Triple talaq: Govt's affidavit in SC riles AIMPLB, but women activists support ban
With the Narendra Modi government petitioning the Supreme Court to ban the practice of triple talaq, some Muslims leaders find themselves in a tight spot.
The All India Muslims Personal Law Board, which claims to be the arbiter of all matters of Islamic law, termed the government's affidavit in the apex court as an "attack on Muslims".
"It is an attack on Muslims, and we will oppose it within the framework of the constitution. When the constitution can be amended for tribals and other communities, why can't the Muslims have their own personal laws?" asked Khalid Rasheed Farangi Mahli, an Imam in Lucknow who is a member of the AIMPLB's executive committee.
Farangi Mahli charged that the "whole issue is being raised for votes". "A distorted picture is being presented about the equality of women in Islam. Our religion gives equality to men and women. If the government wants to raise the issue of uniform civil code, then what will be the fate of Hindu women who have been battling for over 10 years in courts to get divorce?"
"In the case of Shayara Bano (which is at the centre of the ongoing legal battle), her husband had made dowry demands, he had beaten her up and even forced her to abort," Farangi Mahli said. "Then why is the husband not being tried for these crime and only the issue of triple talaq is being raised?"
Another AIMPLB executive committee member Zafaryab Jilani noted that the "BJP is doing things on expected lines". "It is in their manifesto and they filed an affidavit in this regard. We are not concerned about their stand as they are now exposed. Their main issue is to intrude on our personal laws slowly," Jilani said.
Many Muslim women, however, hold a different view. "We welcome the stand taken by the government. Many countries, including Pakistan, have amended the practice of triple talaq. There is no reason why India can't do away with this practice that curtails women's right to equality," argued Saira Shah Halim, a social activist and writer based in Kolkata.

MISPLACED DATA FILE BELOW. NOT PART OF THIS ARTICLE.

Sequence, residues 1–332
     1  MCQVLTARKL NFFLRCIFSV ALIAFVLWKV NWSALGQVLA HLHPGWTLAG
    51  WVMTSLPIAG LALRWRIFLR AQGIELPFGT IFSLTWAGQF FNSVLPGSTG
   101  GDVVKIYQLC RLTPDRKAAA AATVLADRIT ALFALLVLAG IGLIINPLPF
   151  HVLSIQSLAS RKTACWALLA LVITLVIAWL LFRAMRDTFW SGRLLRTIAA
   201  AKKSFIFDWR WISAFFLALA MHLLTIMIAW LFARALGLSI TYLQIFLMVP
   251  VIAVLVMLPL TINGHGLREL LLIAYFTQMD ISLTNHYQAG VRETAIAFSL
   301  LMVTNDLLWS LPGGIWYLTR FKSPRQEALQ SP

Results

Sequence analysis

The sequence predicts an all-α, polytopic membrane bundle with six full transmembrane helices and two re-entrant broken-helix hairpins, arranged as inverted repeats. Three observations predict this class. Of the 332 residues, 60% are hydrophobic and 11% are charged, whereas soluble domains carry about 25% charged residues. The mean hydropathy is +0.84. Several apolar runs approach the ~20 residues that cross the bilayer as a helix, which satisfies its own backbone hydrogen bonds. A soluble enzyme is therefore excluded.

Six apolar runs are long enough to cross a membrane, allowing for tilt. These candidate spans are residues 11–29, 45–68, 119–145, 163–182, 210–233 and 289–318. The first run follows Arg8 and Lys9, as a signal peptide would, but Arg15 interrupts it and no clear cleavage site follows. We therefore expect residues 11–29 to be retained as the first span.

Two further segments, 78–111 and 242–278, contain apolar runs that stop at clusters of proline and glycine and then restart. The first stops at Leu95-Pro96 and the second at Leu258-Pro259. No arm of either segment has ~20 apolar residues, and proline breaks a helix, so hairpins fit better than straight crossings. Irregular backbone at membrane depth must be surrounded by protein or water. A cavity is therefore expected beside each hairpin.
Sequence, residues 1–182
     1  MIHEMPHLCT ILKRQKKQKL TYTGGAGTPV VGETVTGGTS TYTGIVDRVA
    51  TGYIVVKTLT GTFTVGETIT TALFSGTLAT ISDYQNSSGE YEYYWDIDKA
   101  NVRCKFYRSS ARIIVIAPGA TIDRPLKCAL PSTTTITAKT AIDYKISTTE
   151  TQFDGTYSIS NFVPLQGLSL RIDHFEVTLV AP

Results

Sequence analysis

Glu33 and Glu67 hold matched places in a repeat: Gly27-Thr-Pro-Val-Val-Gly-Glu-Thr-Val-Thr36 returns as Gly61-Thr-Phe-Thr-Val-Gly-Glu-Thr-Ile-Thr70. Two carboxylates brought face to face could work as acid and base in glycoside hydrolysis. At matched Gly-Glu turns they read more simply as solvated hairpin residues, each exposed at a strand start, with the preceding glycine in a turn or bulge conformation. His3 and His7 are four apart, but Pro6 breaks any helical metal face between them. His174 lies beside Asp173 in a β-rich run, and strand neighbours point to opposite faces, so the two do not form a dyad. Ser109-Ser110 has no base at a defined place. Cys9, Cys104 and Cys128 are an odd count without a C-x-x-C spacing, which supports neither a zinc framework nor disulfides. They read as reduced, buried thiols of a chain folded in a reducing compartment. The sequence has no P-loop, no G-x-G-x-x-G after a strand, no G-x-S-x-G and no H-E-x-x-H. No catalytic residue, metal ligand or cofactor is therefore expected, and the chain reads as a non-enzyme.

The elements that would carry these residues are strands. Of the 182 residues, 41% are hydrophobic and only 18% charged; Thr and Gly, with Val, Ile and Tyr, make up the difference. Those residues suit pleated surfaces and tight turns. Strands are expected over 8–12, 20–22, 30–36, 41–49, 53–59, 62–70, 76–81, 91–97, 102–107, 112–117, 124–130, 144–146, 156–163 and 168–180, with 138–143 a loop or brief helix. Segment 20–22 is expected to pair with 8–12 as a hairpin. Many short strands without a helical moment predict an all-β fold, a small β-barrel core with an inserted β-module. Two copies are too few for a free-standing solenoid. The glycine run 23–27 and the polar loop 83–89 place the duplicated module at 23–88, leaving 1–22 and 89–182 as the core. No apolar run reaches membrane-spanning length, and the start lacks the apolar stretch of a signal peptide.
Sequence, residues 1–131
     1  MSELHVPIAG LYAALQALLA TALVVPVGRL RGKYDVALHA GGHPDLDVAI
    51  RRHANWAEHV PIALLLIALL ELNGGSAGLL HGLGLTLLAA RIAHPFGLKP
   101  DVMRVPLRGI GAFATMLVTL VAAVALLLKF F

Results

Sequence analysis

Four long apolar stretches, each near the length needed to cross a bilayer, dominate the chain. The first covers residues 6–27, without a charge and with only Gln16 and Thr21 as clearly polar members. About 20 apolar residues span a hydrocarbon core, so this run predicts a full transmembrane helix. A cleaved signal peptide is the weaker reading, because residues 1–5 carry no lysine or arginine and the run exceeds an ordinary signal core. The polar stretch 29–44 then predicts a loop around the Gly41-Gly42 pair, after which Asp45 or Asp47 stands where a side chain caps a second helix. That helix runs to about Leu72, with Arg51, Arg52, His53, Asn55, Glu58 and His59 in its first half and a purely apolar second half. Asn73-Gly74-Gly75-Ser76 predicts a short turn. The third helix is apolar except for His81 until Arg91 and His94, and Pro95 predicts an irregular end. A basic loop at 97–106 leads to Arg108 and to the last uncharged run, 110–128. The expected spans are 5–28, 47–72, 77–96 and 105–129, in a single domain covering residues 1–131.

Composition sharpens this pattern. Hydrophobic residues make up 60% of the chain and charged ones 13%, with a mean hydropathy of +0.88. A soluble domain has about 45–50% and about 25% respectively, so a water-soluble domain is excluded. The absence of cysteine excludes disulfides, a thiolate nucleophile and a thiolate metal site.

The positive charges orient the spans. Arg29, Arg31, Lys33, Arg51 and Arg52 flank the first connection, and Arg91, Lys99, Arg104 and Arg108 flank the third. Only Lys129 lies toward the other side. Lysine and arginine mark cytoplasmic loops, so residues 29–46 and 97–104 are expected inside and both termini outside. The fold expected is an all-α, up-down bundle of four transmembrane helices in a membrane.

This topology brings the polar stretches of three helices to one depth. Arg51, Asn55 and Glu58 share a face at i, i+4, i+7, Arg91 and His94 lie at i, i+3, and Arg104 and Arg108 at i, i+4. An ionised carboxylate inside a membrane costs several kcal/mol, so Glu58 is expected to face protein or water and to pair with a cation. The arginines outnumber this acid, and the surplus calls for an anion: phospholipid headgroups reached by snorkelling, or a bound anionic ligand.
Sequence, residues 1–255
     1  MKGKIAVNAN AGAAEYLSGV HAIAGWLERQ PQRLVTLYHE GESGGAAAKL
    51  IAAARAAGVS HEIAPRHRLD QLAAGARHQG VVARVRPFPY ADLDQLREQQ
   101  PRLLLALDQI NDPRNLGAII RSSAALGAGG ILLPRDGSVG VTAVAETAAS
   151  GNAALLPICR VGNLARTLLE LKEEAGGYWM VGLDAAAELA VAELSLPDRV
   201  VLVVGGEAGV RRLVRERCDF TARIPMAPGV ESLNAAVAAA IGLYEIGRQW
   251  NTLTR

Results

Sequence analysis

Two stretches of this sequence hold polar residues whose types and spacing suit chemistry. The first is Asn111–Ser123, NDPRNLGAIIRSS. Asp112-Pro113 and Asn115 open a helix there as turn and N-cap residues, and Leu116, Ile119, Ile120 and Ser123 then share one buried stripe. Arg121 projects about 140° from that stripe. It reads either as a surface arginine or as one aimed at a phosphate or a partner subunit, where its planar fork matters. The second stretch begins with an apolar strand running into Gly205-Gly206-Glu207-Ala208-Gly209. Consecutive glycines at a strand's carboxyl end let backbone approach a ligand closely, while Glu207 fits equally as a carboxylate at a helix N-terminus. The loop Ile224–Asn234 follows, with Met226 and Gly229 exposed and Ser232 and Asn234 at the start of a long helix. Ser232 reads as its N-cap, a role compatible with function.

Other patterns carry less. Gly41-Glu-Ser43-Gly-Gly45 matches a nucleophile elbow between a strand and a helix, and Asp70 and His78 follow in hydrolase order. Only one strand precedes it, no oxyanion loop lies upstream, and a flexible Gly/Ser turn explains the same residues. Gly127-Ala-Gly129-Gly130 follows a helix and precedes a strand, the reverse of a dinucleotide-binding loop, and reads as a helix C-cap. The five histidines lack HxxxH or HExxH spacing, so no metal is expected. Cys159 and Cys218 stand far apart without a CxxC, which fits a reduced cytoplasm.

Farangi Mahli, however, ridiculed as "fake propaganda" the "claims" that triple talaq has been abolished in several countries.
Zakia Soman of the Bharitya Muslim Mahila Andolan pointed out that the Quran, the font of the Islamic law, doesn't have any mention of triple talaq. "So, there's no point in persisting with it," she said.
Farangi Mahli, again, countered: "Our Islamic laws are based on the Quran and the Hadees. The Quran tells us to offer namaz, but it's the Hadees which elaborates how and when to offer namaz," he said, suggesting that the same principle applied to talaq. "It is all propaganda by them."
Though Farangi Mahli claimed that "Muslims are ready to go to any extent" to preserve the practice of triple talaq, the writing, it appears, is on the wall.
Nikhat Parveen, owner of a publishing house in Aligarh, Uttar Pradesh, said, "We favour the stand taken by the government as this practice is anti-women. One cannot just end a marriage with no responsibility by uttering the word 'talaq' thrice."
Not just women, even the Shia community has come out against triple talaq. The All India Shia Personal Law Board, at its executive committee meeting in Lucknow last month, passed a resolution against the practice. "We will approach the Supreme Court that our concerns about triple talaq should also be heard," said Maulana Yasoob Abbas, general secretary of the AISPLB.